6 Your doctor will order a CBC, also known as a complete blood count test. This gives information about the quantity and quality of each type of cell in the blood. Your doctor may check your blood iron level. A shortage of iron can cause anemia. A test to measure the amount of the hormone erythropoietin, or EPO, in the blood is sometimes done. EPO is a hormone made in the kidneys. It stimulates the formation of red blood cells in the bone marrow. A low EPO level may be a sign of a problem other than aplastic anemia. Vitamin B12 and folate help make blood cells. Checking these levels will tell the doctor how much of these vitamins are in your blood. A shortage of these vitamins can reduce blood cell production and cause a drop in the number of white blood cells, red blood cells, and platelets in the blood. A reticulocyte count measures the number of young red blood cells in your blood. This test shows whether your bone marrow is making red blood cells at the correct rate. People who have aplastic anemia often have low reticulocyte levels. Your doctor will look at your bone marrow cells under a microscope to see if they look unusual. Your doctor will check the percentage of your bone marrow filled with blood cells. This is known as your bone marrow cellularity. Normal bone marrow has a cellularity of 100 minus your age. If you have aplastic anemia your bone marrow cellularity will be abnormally low. It is also necessary to check the genes in your bone marrow cells using cytogenetic testing. This lets doctors look at the chromosomes or DNA of your bone marrow cells. Doctors use this test to see if you have any chromosome abnormalities or changes that could be causing the symptoms. Other genetic testing may be necessary to rule out the presence of an inherited bone marrow failure syndrome. This testing helps your doctor know whether your aplastic anemia is acquired or hereditary. 6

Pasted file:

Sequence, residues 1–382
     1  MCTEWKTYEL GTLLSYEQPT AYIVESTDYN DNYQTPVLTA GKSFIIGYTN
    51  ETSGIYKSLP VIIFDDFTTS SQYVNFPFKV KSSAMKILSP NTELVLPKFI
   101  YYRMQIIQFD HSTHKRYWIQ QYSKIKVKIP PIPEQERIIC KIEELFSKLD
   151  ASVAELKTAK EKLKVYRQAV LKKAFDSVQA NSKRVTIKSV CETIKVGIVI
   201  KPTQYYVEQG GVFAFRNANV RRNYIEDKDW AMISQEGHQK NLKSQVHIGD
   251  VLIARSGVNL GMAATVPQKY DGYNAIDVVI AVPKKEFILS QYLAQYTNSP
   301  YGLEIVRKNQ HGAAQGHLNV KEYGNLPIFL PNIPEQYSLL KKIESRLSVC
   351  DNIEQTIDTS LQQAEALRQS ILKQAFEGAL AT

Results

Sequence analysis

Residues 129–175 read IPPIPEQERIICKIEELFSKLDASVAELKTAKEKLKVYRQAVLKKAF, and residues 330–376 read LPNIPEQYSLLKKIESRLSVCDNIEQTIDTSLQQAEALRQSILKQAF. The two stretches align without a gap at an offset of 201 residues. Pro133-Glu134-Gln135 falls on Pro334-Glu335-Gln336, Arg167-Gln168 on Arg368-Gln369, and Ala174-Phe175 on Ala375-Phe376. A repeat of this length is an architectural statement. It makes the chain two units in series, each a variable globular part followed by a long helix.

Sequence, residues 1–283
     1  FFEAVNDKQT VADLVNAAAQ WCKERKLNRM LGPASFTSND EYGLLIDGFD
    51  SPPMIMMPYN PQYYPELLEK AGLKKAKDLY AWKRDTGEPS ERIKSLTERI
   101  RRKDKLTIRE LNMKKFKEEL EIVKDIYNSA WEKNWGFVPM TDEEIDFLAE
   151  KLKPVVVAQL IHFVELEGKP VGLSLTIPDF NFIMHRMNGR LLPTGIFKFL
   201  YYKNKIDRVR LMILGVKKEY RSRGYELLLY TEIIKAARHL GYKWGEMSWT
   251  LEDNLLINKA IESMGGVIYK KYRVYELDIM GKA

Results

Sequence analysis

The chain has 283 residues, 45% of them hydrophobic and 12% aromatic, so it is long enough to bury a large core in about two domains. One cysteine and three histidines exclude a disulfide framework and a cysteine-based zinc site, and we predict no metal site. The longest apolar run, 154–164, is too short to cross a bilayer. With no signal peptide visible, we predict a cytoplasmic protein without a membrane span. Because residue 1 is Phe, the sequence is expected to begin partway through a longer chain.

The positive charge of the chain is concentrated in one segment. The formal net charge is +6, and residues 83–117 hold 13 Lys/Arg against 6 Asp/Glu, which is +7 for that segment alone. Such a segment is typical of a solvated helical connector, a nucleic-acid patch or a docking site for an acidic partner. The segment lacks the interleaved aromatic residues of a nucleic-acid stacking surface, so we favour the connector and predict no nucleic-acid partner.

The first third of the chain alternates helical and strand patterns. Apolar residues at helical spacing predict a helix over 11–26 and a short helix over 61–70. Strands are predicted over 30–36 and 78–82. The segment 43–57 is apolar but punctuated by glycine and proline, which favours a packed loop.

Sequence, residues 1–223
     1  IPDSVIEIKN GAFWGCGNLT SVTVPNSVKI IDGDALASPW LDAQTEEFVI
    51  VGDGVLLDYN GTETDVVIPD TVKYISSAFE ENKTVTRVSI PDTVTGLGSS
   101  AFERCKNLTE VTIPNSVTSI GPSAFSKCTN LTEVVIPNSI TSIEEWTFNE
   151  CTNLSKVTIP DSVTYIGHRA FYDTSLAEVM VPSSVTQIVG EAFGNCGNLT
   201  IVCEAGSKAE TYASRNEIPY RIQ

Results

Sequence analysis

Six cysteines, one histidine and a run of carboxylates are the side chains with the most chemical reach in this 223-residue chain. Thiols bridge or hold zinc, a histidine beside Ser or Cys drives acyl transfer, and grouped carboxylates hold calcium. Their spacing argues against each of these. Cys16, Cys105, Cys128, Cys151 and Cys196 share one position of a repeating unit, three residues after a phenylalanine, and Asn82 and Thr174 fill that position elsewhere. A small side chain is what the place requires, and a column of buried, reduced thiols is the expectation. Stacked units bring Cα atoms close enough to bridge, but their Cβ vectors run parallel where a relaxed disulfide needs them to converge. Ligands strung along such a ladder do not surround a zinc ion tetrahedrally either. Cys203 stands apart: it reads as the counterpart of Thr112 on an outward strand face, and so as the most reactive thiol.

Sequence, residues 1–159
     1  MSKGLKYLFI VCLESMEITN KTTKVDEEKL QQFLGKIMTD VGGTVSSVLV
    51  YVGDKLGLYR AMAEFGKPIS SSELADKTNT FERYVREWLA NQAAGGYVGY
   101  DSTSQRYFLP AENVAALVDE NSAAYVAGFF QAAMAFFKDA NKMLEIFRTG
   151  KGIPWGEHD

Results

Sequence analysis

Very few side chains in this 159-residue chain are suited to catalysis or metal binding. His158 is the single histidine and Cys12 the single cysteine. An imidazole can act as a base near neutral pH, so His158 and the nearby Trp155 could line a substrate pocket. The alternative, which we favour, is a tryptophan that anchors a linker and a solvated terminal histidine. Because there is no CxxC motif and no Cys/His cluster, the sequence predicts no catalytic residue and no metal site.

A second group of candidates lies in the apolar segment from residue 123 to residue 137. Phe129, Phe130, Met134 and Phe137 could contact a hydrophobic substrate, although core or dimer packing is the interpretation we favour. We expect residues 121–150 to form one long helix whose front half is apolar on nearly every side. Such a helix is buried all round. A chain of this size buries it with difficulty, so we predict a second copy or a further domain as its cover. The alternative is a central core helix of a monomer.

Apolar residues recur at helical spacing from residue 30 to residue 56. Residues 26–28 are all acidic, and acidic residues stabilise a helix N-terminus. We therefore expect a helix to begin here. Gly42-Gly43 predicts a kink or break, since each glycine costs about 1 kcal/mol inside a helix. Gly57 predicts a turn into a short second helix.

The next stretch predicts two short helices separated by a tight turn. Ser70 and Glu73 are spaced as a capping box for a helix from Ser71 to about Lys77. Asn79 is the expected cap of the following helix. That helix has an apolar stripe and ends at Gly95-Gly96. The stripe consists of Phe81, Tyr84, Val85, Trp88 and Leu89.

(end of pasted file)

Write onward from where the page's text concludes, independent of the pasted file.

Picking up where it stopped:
7 It is important to know whether your aplastic anemia is acquired or hereditary before starting treatment because different treatments work best for acquired and hereditary aplastic anemia. This will help your doctor choose the best treatment for you. Once diagnosed, doctors divide aplastic anemia into three groups: Moderate Severe Very severe If you have moderate aplastic anemia: You may have low blood cells counts, but not as low as with severe aplastic anemia You may have few or no symptoms Your doctor may not recommend treatment. Instead, your doctor may just keep an eye on your blood counts Your condition may stay the same for many years If you have severe aplastic anemia, at least two of the following are true: Your neutrophil count is less than 500 cells per microliter (<500/mm3) Your platelet count is less than 20,000 cells per microliter (<20,000/mm3) You have anemia and your reticulocyte count is less than 20,000 cells per microliter (<20,000/mm3) If you have very severe aplastic anemia: Your neutrophil count is less than 200 cells per microliter (<200/mm3) Your blood counts are otherwise like those of someone with severe aplastic anemia Aplastic anemia is related to two other diseases. These include: Paroxysmal nocturnal hemoglobinuria (PNH) Myelodysplastic syndromes (MDS). 7